If yo dont need to hadle errors differently, an alternative is making the error a nil value using try?  and use an if Let construct. 

if let coffeeRating = try? coffee(myCoffee){
    print (myCoffee + " " + coffeeRating )
} else {
    print("Error on coffee")
}

There’s one other option: Disable the error thrown with try!. Use this only if you know this will work, such as 

myCoffee = "Sumatra"
try! print(myCoffee + ":" + coffee(myCoffee))

The best way to handle an error is not to make one. However, when creating methods and classes, you will find places that there are errors you can’t control. Throwing errors will notify any other classes and methods that there is trouble.

The Whole Code

You can find the completed project below, You can also download it from GitHub.

//
//  A Demo for iOS Development Tips Weekly
//  by Steven Lipton (C)2018, All rights reserved
//  For videos go to http://bit.ly/TipsLinkedInLearning
//  For code go to http://bit.ly/AppPieGithub
//
import UIKit

let coffees = ["Sumatra","Colombia","Dark Energy","Sarabanda Dark","Kona"]
let ratings = [2,2,-1,5]

enum CoffeeError: Error{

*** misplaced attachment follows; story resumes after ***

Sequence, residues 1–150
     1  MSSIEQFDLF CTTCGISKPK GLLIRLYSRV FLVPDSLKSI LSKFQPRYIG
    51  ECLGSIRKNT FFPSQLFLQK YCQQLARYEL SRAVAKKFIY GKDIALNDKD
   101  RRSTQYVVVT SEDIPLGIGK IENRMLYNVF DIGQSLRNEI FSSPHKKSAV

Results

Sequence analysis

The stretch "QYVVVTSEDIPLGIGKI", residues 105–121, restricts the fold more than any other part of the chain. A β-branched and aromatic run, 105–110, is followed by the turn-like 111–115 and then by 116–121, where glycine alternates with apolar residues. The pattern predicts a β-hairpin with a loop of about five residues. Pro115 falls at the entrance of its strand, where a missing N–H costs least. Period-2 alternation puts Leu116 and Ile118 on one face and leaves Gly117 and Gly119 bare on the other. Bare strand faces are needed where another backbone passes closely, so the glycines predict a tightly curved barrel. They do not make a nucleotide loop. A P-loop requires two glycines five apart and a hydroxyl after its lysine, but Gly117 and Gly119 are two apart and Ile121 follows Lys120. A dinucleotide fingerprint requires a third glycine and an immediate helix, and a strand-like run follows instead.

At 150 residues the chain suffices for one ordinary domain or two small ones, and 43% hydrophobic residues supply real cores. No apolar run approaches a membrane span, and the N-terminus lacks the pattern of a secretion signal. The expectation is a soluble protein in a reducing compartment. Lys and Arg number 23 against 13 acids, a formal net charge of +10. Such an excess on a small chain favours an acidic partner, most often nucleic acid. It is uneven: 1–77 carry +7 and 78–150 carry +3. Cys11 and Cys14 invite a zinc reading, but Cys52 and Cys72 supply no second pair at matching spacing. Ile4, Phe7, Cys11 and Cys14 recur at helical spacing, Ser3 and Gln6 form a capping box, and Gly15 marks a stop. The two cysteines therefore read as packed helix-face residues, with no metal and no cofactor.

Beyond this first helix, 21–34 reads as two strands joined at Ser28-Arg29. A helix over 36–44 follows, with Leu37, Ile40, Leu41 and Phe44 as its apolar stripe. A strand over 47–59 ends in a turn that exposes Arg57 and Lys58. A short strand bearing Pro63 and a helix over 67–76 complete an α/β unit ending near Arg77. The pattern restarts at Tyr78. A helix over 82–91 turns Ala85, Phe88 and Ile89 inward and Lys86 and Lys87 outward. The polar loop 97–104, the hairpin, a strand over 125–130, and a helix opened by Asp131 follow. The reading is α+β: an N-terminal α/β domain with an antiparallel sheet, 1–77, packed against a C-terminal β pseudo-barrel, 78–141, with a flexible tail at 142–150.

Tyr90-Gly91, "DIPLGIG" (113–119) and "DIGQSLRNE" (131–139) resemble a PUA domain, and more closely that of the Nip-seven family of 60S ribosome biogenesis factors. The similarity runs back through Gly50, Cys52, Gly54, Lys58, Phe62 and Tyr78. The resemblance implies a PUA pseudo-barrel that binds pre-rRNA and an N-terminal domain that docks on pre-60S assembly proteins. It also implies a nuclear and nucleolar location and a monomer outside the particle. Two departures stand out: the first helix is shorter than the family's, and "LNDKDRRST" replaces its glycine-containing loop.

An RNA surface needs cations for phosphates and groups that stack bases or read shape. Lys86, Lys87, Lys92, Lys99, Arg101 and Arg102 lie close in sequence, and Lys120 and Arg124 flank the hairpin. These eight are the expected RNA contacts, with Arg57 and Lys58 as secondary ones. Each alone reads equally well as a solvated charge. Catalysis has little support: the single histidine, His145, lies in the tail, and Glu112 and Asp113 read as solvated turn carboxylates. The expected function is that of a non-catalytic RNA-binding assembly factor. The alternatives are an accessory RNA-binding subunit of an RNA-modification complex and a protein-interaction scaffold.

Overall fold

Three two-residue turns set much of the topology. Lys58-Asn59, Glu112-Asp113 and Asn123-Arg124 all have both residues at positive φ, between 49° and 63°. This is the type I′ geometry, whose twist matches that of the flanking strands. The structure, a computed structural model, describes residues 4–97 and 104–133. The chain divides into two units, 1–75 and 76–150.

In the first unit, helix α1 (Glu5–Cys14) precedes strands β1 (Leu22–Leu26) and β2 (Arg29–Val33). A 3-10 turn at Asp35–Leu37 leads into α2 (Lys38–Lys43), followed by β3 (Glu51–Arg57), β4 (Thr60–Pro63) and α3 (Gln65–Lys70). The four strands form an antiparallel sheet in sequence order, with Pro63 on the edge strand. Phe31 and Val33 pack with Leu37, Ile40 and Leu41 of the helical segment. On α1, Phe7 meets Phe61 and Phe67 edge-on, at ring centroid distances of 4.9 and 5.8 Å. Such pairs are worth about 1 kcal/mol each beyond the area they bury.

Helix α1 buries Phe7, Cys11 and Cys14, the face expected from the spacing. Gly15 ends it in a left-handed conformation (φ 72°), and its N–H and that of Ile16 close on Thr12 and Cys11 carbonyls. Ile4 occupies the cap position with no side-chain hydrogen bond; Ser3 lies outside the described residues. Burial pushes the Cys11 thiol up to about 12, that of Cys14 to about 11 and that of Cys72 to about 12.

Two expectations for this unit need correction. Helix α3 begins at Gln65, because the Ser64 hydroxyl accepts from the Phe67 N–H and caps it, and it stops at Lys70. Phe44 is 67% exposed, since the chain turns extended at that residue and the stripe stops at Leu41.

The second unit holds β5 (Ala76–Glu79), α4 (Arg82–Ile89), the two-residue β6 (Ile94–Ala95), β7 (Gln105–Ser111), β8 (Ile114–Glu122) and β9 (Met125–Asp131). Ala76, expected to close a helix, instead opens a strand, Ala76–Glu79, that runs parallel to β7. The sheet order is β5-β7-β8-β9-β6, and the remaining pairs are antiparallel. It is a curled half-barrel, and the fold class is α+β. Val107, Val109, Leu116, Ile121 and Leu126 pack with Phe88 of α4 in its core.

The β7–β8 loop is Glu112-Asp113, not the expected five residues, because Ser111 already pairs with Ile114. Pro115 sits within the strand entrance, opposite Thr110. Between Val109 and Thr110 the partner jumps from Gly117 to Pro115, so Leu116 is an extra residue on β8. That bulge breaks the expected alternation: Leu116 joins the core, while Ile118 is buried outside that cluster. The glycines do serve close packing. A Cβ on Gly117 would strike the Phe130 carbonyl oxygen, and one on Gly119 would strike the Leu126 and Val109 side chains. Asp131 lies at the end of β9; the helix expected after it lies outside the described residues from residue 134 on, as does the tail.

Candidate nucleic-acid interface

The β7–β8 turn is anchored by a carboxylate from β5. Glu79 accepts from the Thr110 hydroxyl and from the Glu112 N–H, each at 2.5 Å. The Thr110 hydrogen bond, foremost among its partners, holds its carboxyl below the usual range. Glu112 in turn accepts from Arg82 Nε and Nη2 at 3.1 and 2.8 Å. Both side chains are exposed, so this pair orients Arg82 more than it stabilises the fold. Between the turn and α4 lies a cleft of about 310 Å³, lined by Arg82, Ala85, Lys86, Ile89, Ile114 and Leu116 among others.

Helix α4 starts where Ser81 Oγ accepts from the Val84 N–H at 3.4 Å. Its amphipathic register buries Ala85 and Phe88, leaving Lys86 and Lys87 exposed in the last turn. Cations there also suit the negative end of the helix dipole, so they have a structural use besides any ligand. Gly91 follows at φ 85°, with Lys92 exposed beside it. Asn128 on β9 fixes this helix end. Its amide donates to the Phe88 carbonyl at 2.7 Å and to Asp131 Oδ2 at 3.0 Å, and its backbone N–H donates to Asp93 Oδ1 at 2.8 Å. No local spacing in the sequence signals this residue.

case coffeeNotFound
    case ratingNotFound(coffee:String)
    case badRating
}

func coffee(_ name:String) throws -> String{
    let index = coffees.firstIndex{ (coffee) -> Bool in
        coffee == name
    }
    //let ratingIndex  = index!
    guard let ratingIndex = index else{
        throw CoffeeError.coffeeNotFound
    }
    if ratingIndex >= ratings.count{
        throw CoffeeError.ratingNotFound(coffee: name)
    }
    let rating = ratings[ratingIndex]
    if rating < 0 {
        throw CoffeeError.badRating
    }
    return String(repeating:"☕️", count: rating)
}

var myCoffee = "Sumatra"
do{
    try print(myCoffee + ":" + coffee(myCoffee))
} catch CoffeeError.coffeeNotFound{
    print("Coffee not found")
} catch CoffeeError.ratingNotFound(let coffee){
    print ("Coffee \(coffee) does not have a rating" )
} catch {
    print("Error")
}


if let coffeeRating = try? coffee(myCoffee){
    print (myCoffee + " " + coffeeRating )
} else {
    print("Error on coffee")
}

myCoffee = "Sumatra"
try! print(myCoffee + ":" + coffee(myCoffee))